During the officers’ response, Evans was pulled to the ground by one patient.

Verbal commands from officers and the use of knee strikes failed to disengage the struggle, Lt. Evans reported, noting that he eventually used his Taser on the patient, who then released him.

In his narrative, Evans wrote of his experience on the unit.

“We often respond to calls there [unit name redacted] for staff members being assaulted, and occasionally officers are assaulted while dealing with patients as well.”

Evans continued: “I have seen and investigated the aftermath of assaults, attempted suicides, and successful suicides at the Retreat and involving escaped, or runaway, Retreat patients. I have also witnessed and intervened with Retreat patients actively injuring themselves or attempting to commit suicide.”

“During these altercations, I have taken various weapons from patients to include razor blades, rocks, broken glass, writing implements, kitchen utensils, and other rudimentary stabbing weapons.

“I also am aware from past experience and training that most of these same patients have been physically abused in the past, and the use of force against them can be detrimental to their ongoing treatment and healing process,” wrote Evans.

Crossing a line?

But, asked some employees in conversations during November’s informational pickets, where is the line between honoring a patient’s mental-health issues and holding a patient accountable for his or her actions?

In some cases, staff have said that patients “know what they’re doing” when acting out violently.

Two incident reports record patients saying they preferred prison to the Retreat. Officers reported that patients asked if they would be incarcerated if they hit staff members.

Retreat nurse Beth Kiendl met with Officer Maeghan Gagnon on Sept. 18, 2012 to report a female patient who asked “If I punch her [Kiendl], will I go to jail?”

According to the incident narrative, the patient “grabbed Kiendl and pushed her into a closed door and pulled her down to the ground.”

In a similar incident, a patient kicked a staff member, Seth Windsor, in the groin.

When questioned, the patient said she “was acting out in an attempt to get transported back to Woodside.”

According to the Vermont Agency of Human Services website, Woodside is a juvenile rehabilitation center for youth under the jurisdiction of the Department of Corrections.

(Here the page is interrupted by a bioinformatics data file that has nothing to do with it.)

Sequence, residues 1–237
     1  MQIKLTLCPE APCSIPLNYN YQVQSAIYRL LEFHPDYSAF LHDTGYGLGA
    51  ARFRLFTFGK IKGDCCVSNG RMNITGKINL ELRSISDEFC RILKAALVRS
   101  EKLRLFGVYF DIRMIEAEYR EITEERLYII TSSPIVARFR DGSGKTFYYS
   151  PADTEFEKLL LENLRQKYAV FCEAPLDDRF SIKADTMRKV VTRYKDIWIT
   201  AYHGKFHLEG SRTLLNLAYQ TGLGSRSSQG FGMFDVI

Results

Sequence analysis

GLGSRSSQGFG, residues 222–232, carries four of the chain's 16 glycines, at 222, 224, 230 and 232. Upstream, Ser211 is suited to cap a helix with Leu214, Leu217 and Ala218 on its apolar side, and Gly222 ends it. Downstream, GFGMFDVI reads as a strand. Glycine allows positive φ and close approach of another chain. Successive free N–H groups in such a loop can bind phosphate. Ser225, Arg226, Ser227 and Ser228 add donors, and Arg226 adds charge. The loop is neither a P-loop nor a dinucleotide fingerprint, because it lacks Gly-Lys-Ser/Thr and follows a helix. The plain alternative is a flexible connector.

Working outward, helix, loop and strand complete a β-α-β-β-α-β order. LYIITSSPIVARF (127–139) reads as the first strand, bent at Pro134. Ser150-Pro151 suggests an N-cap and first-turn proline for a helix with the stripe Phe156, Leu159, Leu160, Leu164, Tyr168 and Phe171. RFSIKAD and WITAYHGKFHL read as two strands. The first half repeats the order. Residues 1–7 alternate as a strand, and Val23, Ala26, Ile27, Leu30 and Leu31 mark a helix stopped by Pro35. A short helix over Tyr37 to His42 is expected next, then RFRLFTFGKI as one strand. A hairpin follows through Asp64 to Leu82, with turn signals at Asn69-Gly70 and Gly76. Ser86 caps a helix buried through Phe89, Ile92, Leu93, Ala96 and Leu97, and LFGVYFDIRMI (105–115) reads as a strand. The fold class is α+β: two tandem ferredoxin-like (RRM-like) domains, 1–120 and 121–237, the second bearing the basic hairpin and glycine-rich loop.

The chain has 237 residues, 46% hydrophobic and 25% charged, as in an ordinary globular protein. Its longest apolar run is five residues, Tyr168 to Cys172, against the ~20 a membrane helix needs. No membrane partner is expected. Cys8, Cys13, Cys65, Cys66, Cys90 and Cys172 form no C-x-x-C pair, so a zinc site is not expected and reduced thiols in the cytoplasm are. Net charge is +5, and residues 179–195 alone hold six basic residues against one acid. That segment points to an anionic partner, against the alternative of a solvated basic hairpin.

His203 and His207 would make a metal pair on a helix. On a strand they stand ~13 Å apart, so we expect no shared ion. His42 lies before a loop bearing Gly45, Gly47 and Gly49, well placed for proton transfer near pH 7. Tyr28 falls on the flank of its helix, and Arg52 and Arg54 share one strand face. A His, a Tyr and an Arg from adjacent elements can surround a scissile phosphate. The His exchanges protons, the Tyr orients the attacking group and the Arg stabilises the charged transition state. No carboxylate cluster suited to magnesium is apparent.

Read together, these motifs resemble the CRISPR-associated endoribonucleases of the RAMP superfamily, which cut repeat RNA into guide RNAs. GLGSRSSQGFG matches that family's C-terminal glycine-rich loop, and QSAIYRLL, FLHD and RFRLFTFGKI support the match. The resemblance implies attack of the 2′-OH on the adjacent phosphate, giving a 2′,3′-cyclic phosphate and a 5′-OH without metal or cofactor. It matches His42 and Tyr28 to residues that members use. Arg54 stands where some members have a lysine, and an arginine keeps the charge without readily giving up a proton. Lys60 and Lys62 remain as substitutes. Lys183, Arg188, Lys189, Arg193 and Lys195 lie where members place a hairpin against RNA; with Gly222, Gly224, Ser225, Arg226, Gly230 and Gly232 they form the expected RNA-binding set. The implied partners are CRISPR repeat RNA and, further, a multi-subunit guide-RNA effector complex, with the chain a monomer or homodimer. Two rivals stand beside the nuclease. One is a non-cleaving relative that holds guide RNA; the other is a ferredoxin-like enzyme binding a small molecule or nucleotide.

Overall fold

‘Jail mentality’

During a Nov. 27 interview, hospital employee and Union Unit President Tom Flood said it is hard to determine when a patient has crossed the line and needs to be held accountable.

In Flood’s opinion, employees at the Retreat understand and empathize with patients’ mental-health issues and occasional violent actions.

But, he added, some patients come to the units who, instead, should be incarcerated.

These patients arrive with a “jail mentality” and lash out, not because of a psychological cause, but because they don’t want to take direction, said Flood. These episodes typically compel staff to file reports with authorities.

Patients acting out affect other patients in addition to the employees, said Flood. “Once they act out, it has a domino effect [on the unit].”

Other patients’ violent behavior can trigger fellow patients’ past traumas.

“There’s never just one crisis that happens,” he said.

Flood said the community should understand two things.

First, just because a person has a mental illness does not mean he or she is violent or out of control, he advised.

Second, he said, the community needs to understand that just because he and his colleagues work at a psychiatric hospital, “they do not give up rights to use [laws] to make sure they stay safe.”

Flood expressed concern that the Retreat’s decision to cut the Therapeutic Activities Services and in-patient chemical dependency counseling programs would increase agitation on the units because patients wouldn’t receive enough activities with therapeutic components.

He added that when he has interacted with BPD, officers have provided assistance, but they indicated it was unlikely that filing an incident report would result in prosecution.

When asked if the Retreat overall was helping support a safe working environment, Flood responded, “at this point in time, I’d have to say no.”

Contract negotiations

At the time of the interview, Flood said that management was still discussing in contract negotiations the reduction of staff, which he felt would only contribute to more staff injuries.

In an interview on Tuesday, Albert said that the Retreat administration has been looking at similar data to that used in this news story, and its conclusion is that while incident reports are up, workers’ compensation claims are down.

“We’re aware of it, and we’re looking into it,” said Albert of the claims of Retreat employees that their safety has been compromised since the introduction of patients from the state hospital and the corrections system.

Albert said that at issue was the number of patients involved in these incidents, and the seriousness of them.

Calls to the Department of Mental Health were not returned by press time.

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Originally published in The Commons issue #182 (Wednesday, December 12, 2012).